Carbon pricing policies are designed to change the cost of goods and services, favouring those that result in lower emissions. That is why they work so well. Both the tax and trade-based approach deliver new revenue to the government which can be used to ensure that consumers are not left out of pocket. And with strong political backing, their implementation will be straightforward. This in turn creates opportunities for low carbon fuels, products and services.

Aviation futures: perspectives from climate change advisor David Hone

The aviation industry accounts for nearly one billion tonnes of carbon dioxide emissions annually against a global total in excess of 40 billion tonnes, which means it is around 2.5% of total emissions. However it is a high growth sector without obvious alternative energy carriers, implying that as other emissions fall and aviation continues to rise, its fraction of the total increases rapidly. Should global emissions fall by 50% in the same time that aviation doubles, then that fraction becomes ten percent.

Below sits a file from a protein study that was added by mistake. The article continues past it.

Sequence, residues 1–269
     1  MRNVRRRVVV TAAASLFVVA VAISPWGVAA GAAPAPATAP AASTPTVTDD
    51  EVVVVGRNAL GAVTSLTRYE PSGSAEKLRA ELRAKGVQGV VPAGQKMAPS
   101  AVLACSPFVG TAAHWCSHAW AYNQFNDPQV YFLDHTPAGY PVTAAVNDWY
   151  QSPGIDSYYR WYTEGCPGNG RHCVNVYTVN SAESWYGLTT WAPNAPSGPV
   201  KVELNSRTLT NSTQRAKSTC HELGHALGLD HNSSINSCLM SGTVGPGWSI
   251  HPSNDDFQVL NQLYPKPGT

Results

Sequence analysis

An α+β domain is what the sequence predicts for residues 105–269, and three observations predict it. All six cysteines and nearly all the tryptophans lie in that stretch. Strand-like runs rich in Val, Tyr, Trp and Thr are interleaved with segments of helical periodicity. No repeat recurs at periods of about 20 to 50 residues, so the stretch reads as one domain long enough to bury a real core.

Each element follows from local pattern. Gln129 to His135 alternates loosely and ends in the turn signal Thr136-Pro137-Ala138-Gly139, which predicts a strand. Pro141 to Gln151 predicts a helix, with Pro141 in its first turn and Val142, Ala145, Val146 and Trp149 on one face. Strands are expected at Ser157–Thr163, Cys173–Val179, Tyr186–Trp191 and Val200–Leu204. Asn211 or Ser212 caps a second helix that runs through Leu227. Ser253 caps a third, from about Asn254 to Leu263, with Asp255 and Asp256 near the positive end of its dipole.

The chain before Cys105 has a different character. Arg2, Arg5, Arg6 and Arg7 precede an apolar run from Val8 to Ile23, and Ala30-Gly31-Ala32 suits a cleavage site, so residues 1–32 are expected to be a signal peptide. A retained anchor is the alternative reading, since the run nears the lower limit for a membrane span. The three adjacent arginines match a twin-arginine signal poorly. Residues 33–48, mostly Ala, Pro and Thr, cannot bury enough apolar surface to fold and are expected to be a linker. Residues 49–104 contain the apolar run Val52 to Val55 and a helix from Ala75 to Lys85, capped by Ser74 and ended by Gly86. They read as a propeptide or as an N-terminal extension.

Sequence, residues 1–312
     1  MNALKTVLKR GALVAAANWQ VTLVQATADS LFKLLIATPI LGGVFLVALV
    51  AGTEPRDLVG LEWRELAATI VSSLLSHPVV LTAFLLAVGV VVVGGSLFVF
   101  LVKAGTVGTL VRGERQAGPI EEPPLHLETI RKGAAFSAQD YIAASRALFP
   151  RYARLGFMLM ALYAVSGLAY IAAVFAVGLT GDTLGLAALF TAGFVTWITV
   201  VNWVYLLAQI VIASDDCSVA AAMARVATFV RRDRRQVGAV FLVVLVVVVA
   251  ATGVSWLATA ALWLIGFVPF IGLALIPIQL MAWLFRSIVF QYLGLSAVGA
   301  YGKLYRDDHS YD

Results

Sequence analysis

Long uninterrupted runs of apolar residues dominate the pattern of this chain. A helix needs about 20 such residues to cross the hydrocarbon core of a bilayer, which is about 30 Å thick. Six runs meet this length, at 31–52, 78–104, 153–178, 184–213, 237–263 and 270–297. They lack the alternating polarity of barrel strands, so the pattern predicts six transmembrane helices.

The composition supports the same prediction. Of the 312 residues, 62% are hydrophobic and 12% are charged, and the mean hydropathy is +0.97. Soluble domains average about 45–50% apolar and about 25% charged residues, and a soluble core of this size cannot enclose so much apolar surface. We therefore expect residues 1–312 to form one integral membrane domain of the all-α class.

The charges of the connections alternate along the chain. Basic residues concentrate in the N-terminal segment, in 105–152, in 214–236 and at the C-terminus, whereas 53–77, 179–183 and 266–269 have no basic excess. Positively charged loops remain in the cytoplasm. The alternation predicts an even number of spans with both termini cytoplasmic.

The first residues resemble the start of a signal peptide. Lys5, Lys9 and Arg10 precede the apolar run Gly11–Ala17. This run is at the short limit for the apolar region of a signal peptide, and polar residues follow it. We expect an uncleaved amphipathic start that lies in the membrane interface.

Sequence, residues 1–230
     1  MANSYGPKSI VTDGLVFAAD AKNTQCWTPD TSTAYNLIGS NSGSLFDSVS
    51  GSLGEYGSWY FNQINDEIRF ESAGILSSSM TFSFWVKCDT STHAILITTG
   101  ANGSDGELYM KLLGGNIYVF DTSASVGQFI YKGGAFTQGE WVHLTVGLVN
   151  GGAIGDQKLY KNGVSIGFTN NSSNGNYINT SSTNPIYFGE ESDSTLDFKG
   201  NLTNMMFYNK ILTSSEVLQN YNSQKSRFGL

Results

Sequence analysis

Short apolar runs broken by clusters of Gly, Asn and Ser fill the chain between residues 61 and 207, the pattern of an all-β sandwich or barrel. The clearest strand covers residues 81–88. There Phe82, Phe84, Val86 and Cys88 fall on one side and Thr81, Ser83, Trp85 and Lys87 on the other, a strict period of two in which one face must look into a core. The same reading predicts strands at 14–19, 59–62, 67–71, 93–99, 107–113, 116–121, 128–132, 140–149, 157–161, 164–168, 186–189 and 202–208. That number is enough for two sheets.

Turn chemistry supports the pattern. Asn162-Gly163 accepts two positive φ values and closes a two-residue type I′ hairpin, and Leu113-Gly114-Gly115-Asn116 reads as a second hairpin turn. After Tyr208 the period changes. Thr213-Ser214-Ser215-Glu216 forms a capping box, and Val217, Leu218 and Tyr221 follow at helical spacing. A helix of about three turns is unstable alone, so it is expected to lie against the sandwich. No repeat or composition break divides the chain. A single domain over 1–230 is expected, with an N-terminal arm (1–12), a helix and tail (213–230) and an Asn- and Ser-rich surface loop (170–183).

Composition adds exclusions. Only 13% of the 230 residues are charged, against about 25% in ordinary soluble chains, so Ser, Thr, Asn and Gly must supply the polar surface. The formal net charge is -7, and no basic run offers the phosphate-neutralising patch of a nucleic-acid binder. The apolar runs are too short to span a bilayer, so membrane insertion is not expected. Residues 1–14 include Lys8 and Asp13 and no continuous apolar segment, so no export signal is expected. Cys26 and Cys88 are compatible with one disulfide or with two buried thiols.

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Watch: Nature’s role in tackling aviation emissions

Airlines are feeling pressure to curb CO2 emissions today. Until sustainable fuel and technology solutions are deployed to help avoid and reduce emissions directly, the industry will also need comprehensive carbon offset programmes if it is to meet its net emissions reduction targets. The Nature Conservancy’s Chris Webb points to airlines’ opportunity to benefit from the most effective carbon sink “technology” available today: nature itself.

Watch: What will it take to scale sustainable aviation fuel?

The COVID-19 pandemic has hit the aviation industry hard. But as airlines chart a path to recovery, part of their return must include reducing the industry’s contribution to climate change. Bryan Sherbacow, Chief Commercial Officer of biofuel producer World Energy, discusses what it will take to help sustainable aviation fuel scale to the point where it will be competitive with conventional jet fuel.